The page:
Pritha Khanal, Kathmandu, Nepal, SSH Blog Correspondent
There is a common practice of writing slogans or pieces of poems on the back of trucks in Nepal, often called “truck literature”, and it has been making us laugh long before online “memes” became popular. Most of the literature hilariously imitates the native tongues and is filled with sarcasm, while some lines succeed in touching your heart in case you are going through some emotional turmoil.
On the other hand, some lines provoke rage and make you wonder why it is acceptable to write these words which have a clear motivation of mocking women and girls. Are the inappropriate comments the drivers pass not enough — they also have to write these things in huge letters on the back of the tanker? What is it that they want to prove and what message is that they want to convey?
As I was travelling with my family last weekend, I came across this water tanker with these words written with the usual purpose of making everyone laugh (“Darling, Why not smiling?”). I don’t know which part of the line was supposed to be humorous but my instant response was: What the hell is funny in these lines? Why should any “Soltini” (a kinship term where sister of a bride is Soltini to the brother of a groom) smile just because it reads so on the truck?
Things like these which are so common and ignored sometimes really depict what is inherently wrong in the society. In the name of humor and healthy flirting, there are often wrong messages spreading in society. In fact, some Nepalese culture actually cherishes the healthy flirting among their kins and community just like Solti-Soltini, which is good because it keeps the charm in the family alive and it happens with the consent of two adults along with their family. But when the behaviour is done to other girls with the motive of mocking them and making them uncomfortable, it becomes a form of harassment. Just like these lines sound very casual, it is one of the worst comments a girl has to face in the street. It feels creepy and makes us insecure when we hear the words in the street, in the market by a passerby or the groups of guys hanging around the teashops. What makes people think that writing such lines in the public vehicle is appropriate or creative?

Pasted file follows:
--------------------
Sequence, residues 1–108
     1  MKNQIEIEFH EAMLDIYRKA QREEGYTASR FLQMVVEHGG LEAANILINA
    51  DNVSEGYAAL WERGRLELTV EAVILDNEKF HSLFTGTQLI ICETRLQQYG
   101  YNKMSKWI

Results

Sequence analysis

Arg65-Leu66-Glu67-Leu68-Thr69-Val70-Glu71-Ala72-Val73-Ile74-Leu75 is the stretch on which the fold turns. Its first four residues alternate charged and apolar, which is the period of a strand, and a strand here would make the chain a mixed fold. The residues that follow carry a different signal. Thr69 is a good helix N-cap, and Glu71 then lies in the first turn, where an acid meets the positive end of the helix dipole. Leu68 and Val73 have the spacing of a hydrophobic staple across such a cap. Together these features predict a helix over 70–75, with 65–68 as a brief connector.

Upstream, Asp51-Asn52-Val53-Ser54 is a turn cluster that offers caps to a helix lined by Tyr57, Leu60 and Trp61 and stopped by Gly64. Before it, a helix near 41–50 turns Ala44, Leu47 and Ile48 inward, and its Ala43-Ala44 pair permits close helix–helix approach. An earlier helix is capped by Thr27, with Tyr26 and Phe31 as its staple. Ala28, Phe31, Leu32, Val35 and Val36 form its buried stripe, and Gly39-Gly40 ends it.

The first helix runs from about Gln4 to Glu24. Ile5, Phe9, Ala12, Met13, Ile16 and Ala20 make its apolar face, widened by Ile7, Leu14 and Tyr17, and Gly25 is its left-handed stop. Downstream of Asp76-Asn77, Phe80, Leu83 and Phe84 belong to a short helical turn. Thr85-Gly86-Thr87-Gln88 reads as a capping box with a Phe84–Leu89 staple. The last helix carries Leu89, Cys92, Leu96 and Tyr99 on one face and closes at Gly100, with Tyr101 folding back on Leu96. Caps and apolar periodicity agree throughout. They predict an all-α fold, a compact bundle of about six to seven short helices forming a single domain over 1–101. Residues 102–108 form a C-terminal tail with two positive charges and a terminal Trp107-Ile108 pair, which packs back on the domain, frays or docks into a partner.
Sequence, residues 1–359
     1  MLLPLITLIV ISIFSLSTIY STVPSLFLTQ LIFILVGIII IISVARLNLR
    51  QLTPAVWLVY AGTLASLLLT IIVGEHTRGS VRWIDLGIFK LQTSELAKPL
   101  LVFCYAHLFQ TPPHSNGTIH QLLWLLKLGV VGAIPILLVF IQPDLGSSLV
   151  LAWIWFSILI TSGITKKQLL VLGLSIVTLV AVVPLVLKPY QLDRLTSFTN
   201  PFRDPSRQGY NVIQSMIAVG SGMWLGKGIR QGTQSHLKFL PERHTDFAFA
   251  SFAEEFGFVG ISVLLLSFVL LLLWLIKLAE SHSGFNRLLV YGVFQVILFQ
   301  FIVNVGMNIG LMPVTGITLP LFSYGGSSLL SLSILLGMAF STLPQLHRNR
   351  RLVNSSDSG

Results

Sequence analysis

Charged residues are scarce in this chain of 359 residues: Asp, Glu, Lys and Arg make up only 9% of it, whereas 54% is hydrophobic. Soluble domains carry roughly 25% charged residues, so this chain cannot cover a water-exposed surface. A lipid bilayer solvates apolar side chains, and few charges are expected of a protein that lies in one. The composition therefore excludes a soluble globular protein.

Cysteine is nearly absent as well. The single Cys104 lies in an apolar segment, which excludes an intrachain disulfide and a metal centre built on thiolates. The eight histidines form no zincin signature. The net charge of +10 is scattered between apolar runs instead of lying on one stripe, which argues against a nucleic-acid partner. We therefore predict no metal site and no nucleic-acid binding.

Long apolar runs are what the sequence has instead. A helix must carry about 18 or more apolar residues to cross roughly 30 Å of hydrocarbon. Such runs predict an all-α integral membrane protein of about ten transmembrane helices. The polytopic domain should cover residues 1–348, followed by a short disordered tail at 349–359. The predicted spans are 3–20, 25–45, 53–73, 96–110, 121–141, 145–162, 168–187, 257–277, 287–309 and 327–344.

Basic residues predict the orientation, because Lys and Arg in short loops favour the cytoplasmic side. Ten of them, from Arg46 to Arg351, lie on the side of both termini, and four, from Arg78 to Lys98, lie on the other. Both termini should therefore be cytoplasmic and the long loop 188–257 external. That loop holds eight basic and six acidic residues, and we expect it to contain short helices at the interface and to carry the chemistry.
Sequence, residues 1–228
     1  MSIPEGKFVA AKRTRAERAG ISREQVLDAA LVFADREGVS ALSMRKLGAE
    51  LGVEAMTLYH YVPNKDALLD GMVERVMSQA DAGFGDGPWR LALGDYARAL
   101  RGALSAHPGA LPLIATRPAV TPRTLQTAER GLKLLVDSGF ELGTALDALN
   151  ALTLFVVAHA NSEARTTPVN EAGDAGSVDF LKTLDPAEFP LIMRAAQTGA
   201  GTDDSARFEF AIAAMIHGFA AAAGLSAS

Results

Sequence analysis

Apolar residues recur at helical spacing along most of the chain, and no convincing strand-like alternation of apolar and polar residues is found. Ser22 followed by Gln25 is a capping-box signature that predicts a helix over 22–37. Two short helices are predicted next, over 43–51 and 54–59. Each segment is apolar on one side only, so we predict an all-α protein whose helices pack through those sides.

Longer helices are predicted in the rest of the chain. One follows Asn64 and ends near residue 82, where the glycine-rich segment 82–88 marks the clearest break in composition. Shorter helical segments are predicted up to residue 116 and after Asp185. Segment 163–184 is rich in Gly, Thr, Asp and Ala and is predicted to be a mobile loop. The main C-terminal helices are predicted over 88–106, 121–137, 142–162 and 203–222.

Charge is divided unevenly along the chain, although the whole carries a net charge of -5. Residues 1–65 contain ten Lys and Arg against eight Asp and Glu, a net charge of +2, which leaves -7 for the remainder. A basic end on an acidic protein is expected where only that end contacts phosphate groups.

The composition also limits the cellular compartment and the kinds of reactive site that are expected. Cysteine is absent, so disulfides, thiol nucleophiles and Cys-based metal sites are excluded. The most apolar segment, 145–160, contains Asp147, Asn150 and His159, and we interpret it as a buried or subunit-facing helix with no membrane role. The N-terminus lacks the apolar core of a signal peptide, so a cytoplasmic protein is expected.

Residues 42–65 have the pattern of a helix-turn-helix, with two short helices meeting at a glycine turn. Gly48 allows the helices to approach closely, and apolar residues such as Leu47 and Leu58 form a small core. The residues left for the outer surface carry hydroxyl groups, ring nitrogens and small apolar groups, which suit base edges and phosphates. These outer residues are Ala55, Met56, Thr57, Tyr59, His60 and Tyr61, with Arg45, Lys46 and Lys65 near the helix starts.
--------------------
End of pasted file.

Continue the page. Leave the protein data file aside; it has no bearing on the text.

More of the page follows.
Street harassment is part of the chronic form of violence against women. When a boy finds it comfortable and “cool” to tease a girl in the street, he may feel it is okay to grope her or inappropriately touch her in the street.
So how is this “truck literature” related here? It’s because they are written by the ones who are used to passing such comments in the street. They are written by the same drivers/ assistant drivers who laugh with each other when a girl they intentionally harassed frowns her brows but is helpless to react anyway. The same individuals who believe a girl wearing tight shirt is asking for an eagle’s eyes in her cleavage and those wearing short pants are calling for harassment. These lines are the work of harassers and for the harassers. They are funny to those who find i’ts okay to tease in the cheesiest tone and expect that the girl finds it funny too. Some would laugh hard at the lines and replicate the same to other girls while some would just casually shrug it off. But, rarely one would realize that it may be words of encouragement for fellow harassers and one more girl in the street would be hearing the words.
So what are the measures? Not everyone can stop the vehicles in the heavy flow of traffic and rant against the lines to the driver. But one can discourage such acts. Let us condemn such lines. Let us not promote messages which give the impression of harassment but rather encourage drivers to use such widely visible and effective space for delivering better messages.
Pritha is doing her Master’s degree in Anthropology and her thesis is on the menstruation practice issues among rural teenagers in Nepal. She received a Bachelor’s degree in Social Work. She works in a non-governmental organization focused on women empowerment. Follow her blog www.prithakhanal.com and my Facebook account: @pritha.khanal.Share on Facebook